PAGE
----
Ladysmith council agrees on DCC rate

  • Mar. 1, 2011 9:00 a.m.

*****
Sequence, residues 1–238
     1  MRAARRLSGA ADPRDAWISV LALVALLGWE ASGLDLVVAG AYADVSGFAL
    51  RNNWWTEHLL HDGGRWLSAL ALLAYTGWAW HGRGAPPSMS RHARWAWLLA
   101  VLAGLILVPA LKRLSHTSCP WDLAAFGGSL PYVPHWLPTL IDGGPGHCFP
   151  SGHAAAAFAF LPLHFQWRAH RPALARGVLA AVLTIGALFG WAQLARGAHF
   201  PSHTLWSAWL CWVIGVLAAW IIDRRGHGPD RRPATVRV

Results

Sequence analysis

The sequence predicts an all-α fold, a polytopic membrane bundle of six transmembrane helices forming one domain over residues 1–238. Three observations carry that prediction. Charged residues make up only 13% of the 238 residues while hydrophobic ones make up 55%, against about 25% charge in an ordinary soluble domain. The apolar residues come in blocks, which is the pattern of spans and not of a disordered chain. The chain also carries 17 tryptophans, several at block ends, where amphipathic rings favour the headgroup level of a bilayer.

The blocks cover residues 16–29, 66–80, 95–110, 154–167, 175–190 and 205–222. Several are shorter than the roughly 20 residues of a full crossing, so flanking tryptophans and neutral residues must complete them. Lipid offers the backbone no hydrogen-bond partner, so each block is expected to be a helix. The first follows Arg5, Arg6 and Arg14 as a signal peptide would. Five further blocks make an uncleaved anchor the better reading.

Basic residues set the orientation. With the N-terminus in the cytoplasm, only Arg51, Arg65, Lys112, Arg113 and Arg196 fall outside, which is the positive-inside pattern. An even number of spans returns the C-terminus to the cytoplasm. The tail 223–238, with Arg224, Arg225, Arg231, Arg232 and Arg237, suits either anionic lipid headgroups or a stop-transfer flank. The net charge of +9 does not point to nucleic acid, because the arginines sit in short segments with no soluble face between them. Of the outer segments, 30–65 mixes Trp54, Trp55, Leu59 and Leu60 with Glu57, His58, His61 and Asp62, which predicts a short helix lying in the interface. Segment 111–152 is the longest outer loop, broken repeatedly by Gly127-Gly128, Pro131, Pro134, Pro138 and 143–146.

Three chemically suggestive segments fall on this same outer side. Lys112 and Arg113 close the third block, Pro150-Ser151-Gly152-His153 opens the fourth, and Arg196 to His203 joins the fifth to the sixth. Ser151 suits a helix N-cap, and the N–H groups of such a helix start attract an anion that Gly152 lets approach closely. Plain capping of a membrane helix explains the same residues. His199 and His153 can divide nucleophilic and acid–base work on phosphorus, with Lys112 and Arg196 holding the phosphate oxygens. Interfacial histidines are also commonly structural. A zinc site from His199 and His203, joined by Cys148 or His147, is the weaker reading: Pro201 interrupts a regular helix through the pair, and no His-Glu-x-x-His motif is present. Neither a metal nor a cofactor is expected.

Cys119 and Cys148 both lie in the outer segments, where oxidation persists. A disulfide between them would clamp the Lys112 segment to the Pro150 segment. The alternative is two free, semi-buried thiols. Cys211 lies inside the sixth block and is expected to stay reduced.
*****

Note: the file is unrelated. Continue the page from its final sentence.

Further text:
Ladysmith council has directed staff to create a new Development Cost Charges bylaw incorporating some reduced figures.Council asked staff back in December to look at what projects under the Parks and Road DCCs could be scaled back or shelved to keep the costs in those sections at the current bylaw level.The town has not increased their DCCs for around 10 years — DCCs are costs charged to developers for things like roads, parks, storm water and water infrastructure to help accommodate the new development.They are now looking at a big increase that has been decried by many local stakeholders. Council has since been asking staff for ways to help soften the blow of the increases.Council was presented with a new option at the Feb. 21 meeting.Option 9, as it is named, sees the Parks Acquisition & Improvement DCC reduced by $387,500 — a $200,000 reduction to the P3 Lot 108 project and P11 Waterfront reduced by $187,500.City manager Ruth Malli informed council the Roads DCCs were not as easy to cut. In the end, staff was able to shave $2.02 million off the roads projects in a plan called Option 9b, but would need to find another $555,000 to get the Roads DCCs to remain at the current level.The projects being taken off the DCC list are the Second Avenue retaining wall and work being done at the waterfront.Joe Friesenhan, director of public works, said the retaining wall is a safety concern and needs to be done, but is not dependent on development meaning it can be taken off the DCC list.The wall, said Friesenhan, was estimated to be around $250,000.Councillors raised questions about the lifespan of infrastructure and were concerned they were creating a backlog of work by putting off some projects.Malli pointed out that if the projects need to be done, they will be still be completed, but not through DCC funding.Under the new plan, a single family residential build will pay $12,780 in DCCs — more than the current $8,884.77 in the current bylaw, but less than the $15,848 first brought to the stakeholders’ meeting.In the end, Coun. Bruce Whittington and Lori Evans were against the numbers for the new pay structure. All councillors were in favour of staff reviewing DCC bylaws for eligible affordable rental housing within the 2011 budget.Whittington noted developers have now had 10 years at low DCCs and it is now time to play catchup.Evans hopes the higher DCCs on developments will let them catch up and that waiving of DCCs for affordable rental housing will encourage builders to focus on creating those rental units.Arnett noted this is a good step towards getting the DCCs to where they need to be.The new DCC bylaw will be brought back to council for review, readings and adoption.Coun. Scott Bastian said the steps taken by council to reduce the planned increases to the charges should go over well with some, but not everyone. “I think we’ve come a lot further than what we were at out last discussion,” said Bastian.“Regardless of where we go and which option we take, there’s always going to be some non-support.”Bastian said he expects taxpayers might get upset at the fact these projects, if they need to be completed, will have to be funded by other revenue. But he said people need to be aware of the process.“If it has to be done or you want it to be done, it has to come from somewhere.“I think that’s the hardest part, with the greater community, is them understanding exactly what that process is.”“I don’t think anyone wants a tax increase.”Coun. Jill Dashwood, who has removed herself from previous DCC talks because of her position as a realtor, stayed through this discussion. Dashwood checked with their lawyers and she was not deemed in a conflict.Dashwood noted the length of the DCC process shows the town is making sure they find the right balance for developers and residents.In her opinion, council should have been looking at increasing the fees a long time ago instead of playing catch up, but is pleased they haven’t increased them to the levels first proposed.Dashwood noted a lot of communities have increased their charges to the highest levels, and she hope by Ladysmith taking a smaller step, it will encourage people to choose Ladysmith.“You can’t really make the local taxpayer pay more, more, more,” said Dashwood, adding putting the chosen projects aside will reduce some of the pressure.Dashwood said she is unsure whether there will be any feedback or backlash from taxpayers for not boosting the charges to the full amount.“As councillors, we’re responsible … that we look after the people of the community. That’s the tough job for us is that you balance it all out.”“We’re really trying hard and that’s why we’ve been struggling with everything and trying to make it as right as we can.”Dashwood said Ladysmith land is a lot rockier and harder to develop, so she hopes the lower DCCs will encourage people.And phasing in the increases over several years will not work, said Dashwood. Because of the 20-year time line Ladysmith uses to look at its DCC projects, spreading out the increases is not considered ‘best practice.’ “Whether you are developing now or five years from now, everyone is contributing equally to those capital projects,” said Felicity Adams, director of development services.Council has also directed staff to look at a time line to review the charges on a regular basis.Developers who work in Ladysmith have had mixed feelings about the news.Bill Eller, past-president of the chamber of commerce and a developer, said the new rates still amount to a sizeable increase and will discourage development and reduce the amount of charges collected.In an e-mail, Eller stated taxpayers of any stripe, including developers, cannot afford increases and the increase will send developers elsewhere if they can.Dave Stalker of Stalker Excavating says he is pleased the town is trying to find ways to stem the increase, but noted the end cost is passed on to the consumer.Stalker was at the original stakeholders meeting and agrees the town needs more money for their capital projects, but said the size of the increase was a bit of a stretch.Stalker said he would have preferred to see any increase phased in over time.“Why couldn’t they just turn around and raise the DCCs a fraction of what they are asking for and then go back a year later and say we’re going to raise DCCs again?”Developers, said Stalker, have their own increases to worry about including supplies, fuel and wages.“Yet the town turns around to us and they say ‘We’d like you to build affordable housing.’ How do you do that?”And when it comes to affordable housing, said Stalker, no one has been able to pin a price on what is deemed affordable.The draft DCC bylaw must be given the OK by the provincial government before being voted on by council.